“Conflict mostly dissolves if you listen to, understand and say out loud the other side’s concerns.  Try it.”

“PR is a lot like the restaurant industry.  The bigger the business gets, the more ordinary and forgettable the food becomes.  Think Le Gavroche vs a global fast food chain. Great storytelling, like great food, has an unforgettable taste.”

“Comforting predictability is worthless.  PR is all about the element of surprise.”

“Pitch processes are weighted against the best interests of the client.  They are designed as an opportunity for an agency to sell its ideas.  If an idea needs selling it probably isn’t that great.  Selling isn’t even an essential requirement in an adept PR professional.  Journalists aren’t sold things, they’re told things.  A PR professional needs to be able to make an idea appealing in writing or pictures, not close a sale.  Pitches are also designed to test the chemistry between an agency and a client.  You can have great chemistry with your agency but it doesn’t matter a jot when it comes to outcomes, which is fundamentally what you’re paying for.  I have hired some great agency people over the years.  If I made a decision on appointing an agency based on how much I liked someone, it was almost invariably a big mistake.  Liking you agency is a bonus, but not a necessity.  Respecting them is essential.”

“The most expensive and worthless document that a business can own is the press release written by committee.”

“Buzzwords destroy stories.  Neologisms don’t necessarily.”

“All I can do is turn a phrase until it catches the light.” – Clive James

“When someone tries to sell you a “content strategy”, (a) it’ll probably be a gift-wrapped empty box and (b) you’ll probably end up discontent.”

“If a story has failed and it is a good story, it still has a chance if it is handled by an expert.”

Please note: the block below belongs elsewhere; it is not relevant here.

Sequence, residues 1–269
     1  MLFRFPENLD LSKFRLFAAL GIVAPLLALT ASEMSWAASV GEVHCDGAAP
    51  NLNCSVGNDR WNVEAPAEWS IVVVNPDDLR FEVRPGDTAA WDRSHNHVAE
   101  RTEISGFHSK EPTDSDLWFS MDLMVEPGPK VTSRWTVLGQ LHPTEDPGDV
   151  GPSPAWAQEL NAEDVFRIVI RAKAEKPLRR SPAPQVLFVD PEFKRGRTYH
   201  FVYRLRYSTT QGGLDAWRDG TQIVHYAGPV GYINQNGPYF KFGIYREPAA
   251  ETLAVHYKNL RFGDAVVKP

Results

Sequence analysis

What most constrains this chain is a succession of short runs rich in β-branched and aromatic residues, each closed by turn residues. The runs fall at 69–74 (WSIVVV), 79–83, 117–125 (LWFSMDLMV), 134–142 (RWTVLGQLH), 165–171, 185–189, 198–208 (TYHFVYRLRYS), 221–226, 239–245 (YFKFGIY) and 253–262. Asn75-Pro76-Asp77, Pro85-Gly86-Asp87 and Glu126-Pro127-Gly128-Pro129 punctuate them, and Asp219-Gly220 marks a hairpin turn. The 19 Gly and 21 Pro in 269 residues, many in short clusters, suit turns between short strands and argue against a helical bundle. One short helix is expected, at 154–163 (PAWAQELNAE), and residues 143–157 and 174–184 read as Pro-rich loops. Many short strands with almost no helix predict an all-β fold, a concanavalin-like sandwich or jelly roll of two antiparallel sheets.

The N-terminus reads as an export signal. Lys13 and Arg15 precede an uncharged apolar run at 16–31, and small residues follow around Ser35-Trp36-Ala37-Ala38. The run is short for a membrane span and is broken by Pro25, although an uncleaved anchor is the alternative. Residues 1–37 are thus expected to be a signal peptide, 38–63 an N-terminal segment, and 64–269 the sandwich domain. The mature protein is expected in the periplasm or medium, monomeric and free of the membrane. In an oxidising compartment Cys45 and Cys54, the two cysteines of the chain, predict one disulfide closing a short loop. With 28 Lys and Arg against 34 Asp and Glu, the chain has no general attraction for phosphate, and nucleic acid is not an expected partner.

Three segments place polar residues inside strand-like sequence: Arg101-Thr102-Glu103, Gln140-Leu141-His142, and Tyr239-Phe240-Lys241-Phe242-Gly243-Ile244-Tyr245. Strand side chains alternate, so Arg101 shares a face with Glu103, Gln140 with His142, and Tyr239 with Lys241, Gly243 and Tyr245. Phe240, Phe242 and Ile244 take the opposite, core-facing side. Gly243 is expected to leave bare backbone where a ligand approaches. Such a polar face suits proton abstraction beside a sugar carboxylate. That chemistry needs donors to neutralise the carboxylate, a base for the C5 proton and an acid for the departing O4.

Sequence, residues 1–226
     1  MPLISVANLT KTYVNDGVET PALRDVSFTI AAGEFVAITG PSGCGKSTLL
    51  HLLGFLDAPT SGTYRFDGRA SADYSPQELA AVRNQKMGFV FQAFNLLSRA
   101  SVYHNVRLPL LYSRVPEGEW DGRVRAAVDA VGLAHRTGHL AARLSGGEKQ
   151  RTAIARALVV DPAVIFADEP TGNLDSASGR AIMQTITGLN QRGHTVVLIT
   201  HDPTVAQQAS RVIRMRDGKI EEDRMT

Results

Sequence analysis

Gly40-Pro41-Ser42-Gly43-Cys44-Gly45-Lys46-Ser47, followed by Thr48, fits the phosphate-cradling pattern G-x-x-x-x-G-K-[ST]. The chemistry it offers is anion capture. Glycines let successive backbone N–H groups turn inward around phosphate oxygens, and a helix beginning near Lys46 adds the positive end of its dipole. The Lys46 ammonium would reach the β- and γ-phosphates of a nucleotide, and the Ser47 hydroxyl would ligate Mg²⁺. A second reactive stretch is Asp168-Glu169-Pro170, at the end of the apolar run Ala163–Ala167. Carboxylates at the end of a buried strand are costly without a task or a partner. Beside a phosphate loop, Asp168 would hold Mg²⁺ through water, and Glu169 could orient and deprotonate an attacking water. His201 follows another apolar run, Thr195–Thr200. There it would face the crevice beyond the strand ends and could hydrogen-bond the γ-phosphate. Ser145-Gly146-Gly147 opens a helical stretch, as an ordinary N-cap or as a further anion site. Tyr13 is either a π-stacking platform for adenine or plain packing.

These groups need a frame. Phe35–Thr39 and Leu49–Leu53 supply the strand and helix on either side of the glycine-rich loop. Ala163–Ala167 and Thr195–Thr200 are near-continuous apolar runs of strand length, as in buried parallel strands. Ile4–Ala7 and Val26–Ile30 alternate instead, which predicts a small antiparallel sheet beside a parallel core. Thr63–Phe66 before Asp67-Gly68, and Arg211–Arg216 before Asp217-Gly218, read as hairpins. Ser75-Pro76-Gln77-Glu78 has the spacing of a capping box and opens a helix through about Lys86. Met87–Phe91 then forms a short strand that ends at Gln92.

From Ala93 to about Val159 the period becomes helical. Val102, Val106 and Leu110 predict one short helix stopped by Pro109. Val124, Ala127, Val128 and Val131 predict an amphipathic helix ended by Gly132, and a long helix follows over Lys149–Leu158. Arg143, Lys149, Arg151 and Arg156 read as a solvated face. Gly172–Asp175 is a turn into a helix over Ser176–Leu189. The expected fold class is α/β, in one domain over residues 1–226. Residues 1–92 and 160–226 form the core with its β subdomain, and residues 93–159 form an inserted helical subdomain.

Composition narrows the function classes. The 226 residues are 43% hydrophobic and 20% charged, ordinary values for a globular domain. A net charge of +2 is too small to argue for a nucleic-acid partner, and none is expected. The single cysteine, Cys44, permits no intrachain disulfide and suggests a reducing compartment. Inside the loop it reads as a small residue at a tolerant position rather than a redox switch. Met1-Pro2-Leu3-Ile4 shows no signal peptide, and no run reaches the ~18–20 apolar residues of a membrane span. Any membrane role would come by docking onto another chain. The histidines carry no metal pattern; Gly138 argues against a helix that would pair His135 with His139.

“Some of the best things have to happen at the last minute.”

“Listen to those hairs on the back of your neck. If an idea makes them stand up, it’s a good one.”

“The best stories are the ones told nearest the edge of the cliff.  Your agency’s job is to guide you as close as possible to the edge without falling off.”

“There are nine potential ingredients to a good story.  You need at least one of them.  Without them, your story doesn’t exist.”

“Never, ever expect quid pro quo.”

“The doors that you expect to be wide open are the ones that are most frequently bolted.”

““No” is as valuable a word as “yes”.”

“The most unexpected people from your past are often the kindest.  This teaches you a lot about the importance of kindness.”

“Give things away.”

“If people are unkind, find a way of letting them know how you feel about the way they’re behaving.”

““Creative” is an adjective that applies fleetingly.  It is not a noun.  The more “creative” someone looks, the less likely they are to be consistently creative.”

“Sometimes, large agencies are like private schools.  Their clients pay for the pupils to attend, even if they haven’t met them.  Journalists also pay dearly.”

“If your story can’t be told in 140 characters, it’s going to be a hard slog.”

“In creative services, trademarks are the refuge of the ordinary.”

“Conversations are more tangible and valuable than advertising. You can’t buy conversations, but you can buy things that catalyse them.”

“99.9 percent of the money I spend on advertising is wasted.  The trouble is, I don’t know which 99.9 percent.”

“People now search, share and shop under the influence.  SUI is more important than SEO.”

“Give things away.”

“Be kind to people.”

“Be kind to people.”

“Be kind to people.”